[Air-l] IPv6 (Re: Web 2.0 - "the machine is us?")

Bram Dov Abramson bda at bazu.org
Thu Feb 15 14:10:10 PST 2007


<elw at stderr.org>, Thu Feb 15 13:15:46 PST 2007:
>I don't know of any non-experimental hosts that are reachable
>by IPv6.
>
>If someone anecdotally knows of a 'biggie' that is routing/advertising
>IPv6 services, I'd love to hear about it.

I don't know a great deal about it, but I think IPv6 deployment has been
beyond that for a little while now -- somewhere around where the IPv4
backbone was in, say, 1990, i.e. mostly research institutions, with some
use beyond that.

This Teleglobe (if it's still branded that way) press release advertising
its IPv6 transit service -- a commercial offering -- claims 20 ISP
customers and interconnections at a few well-connected Internet exchanges,
including AMSIX in Amsterdam, HKIX in Hong Kong, and an Equinix service
run from its facilities, in this case in the DC suburbs:
<http://www.vsnlinternational.com/news/release-view.asp?d=20050914>.

And the directory for NY6IX, which has been run out of the 60 Hudson St.
facility in NY for a while (and is now apparently called "Big APE" [!]),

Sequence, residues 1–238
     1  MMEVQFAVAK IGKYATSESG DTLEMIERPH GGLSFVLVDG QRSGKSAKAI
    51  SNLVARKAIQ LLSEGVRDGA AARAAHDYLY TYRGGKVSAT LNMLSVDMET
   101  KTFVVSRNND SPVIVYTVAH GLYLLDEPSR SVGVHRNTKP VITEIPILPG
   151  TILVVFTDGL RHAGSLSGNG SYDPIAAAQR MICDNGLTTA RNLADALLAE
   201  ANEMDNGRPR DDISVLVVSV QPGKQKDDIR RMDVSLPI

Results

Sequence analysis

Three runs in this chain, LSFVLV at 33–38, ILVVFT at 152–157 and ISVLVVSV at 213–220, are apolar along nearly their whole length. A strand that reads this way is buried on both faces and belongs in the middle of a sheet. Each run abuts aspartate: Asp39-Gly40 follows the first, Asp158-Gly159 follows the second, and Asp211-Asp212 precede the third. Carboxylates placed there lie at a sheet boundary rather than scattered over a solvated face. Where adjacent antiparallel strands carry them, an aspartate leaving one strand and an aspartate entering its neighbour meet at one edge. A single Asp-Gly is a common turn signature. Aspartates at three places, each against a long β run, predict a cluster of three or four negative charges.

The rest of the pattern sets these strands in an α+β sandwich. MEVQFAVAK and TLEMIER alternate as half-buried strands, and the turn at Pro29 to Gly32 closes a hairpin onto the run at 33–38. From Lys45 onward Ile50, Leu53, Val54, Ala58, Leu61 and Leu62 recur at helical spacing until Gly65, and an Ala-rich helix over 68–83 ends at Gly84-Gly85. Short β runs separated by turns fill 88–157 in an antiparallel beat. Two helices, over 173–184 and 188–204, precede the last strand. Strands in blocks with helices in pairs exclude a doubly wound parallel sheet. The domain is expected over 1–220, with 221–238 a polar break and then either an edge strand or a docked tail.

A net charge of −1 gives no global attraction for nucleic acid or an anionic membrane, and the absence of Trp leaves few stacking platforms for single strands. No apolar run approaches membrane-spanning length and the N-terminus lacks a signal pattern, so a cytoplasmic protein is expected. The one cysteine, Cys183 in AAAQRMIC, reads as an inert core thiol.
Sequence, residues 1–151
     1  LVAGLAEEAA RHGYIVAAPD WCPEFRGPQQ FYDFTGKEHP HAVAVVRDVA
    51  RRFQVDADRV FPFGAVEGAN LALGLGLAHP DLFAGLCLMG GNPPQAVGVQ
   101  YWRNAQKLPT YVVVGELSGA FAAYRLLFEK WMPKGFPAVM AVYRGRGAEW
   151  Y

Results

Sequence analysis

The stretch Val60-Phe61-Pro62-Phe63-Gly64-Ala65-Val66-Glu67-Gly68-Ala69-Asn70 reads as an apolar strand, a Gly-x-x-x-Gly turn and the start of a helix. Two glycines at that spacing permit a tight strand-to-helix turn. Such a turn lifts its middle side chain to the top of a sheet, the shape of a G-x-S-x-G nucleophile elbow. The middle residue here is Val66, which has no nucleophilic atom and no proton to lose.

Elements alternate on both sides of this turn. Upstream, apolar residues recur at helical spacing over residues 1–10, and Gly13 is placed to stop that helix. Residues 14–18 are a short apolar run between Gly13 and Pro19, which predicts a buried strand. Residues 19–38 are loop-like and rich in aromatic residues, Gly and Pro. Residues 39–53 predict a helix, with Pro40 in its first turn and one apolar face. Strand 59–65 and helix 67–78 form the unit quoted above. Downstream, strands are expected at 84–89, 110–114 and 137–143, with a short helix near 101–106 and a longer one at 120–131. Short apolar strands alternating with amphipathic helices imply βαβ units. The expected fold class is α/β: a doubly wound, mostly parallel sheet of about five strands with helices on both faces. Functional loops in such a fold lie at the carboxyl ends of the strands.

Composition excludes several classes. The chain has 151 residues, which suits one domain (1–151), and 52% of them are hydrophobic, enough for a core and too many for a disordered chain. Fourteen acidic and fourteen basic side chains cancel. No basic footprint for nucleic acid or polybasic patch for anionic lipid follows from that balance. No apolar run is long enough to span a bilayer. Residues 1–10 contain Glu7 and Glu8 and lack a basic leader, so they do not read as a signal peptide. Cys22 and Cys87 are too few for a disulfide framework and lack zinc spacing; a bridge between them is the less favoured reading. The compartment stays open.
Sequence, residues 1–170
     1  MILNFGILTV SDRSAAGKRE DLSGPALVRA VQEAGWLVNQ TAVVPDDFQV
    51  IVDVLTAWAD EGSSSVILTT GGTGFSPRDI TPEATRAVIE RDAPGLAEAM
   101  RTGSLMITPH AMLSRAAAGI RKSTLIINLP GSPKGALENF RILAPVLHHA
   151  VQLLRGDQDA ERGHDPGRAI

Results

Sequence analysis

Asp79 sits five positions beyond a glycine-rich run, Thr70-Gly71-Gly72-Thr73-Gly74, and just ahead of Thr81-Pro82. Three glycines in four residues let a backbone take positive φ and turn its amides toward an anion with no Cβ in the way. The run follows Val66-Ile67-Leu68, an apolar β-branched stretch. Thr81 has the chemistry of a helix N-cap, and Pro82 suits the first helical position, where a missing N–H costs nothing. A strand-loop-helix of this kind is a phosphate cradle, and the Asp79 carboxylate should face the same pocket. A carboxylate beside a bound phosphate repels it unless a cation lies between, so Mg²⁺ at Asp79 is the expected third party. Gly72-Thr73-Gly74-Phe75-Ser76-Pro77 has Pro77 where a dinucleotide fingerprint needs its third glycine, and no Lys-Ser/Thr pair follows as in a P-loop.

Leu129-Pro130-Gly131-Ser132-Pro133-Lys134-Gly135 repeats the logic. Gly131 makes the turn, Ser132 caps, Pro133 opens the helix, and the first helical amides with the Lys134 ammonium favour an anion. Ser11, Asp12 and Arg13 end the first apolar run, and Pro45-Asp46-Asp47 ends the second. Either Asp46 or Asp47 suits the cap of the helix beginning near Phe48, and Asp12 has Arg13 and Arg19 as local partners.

includes a number of Internet transit providers who'd really have to be
called "biggies", if anyone is, advertising IPv6 IP addresses for
interconnectin within the Big APE service.  Besides Teleglobe they include
Cable & Wireless, France Telecom, Internet Initiative Japan, Qwest, and
Sprint.

All of which is far from wide non-research use, 'course.  But it's
certainly something.  I don't know how updated or used it really gets --
they list only NTT (Japan) as an IPv6ed ISP -- but see also
<http://wiki.go6.net/index.php?title=Main_Page#IPv6_Readiness_Status>, I
guess.  It includes a bunch of IPv6-reachable hosts running Web services
(what you were talking about) as opposed to backbones which can route them
natively, meaning without IPv4 wrappers on either end (what I've been
prattling on about).

cheers
Bram



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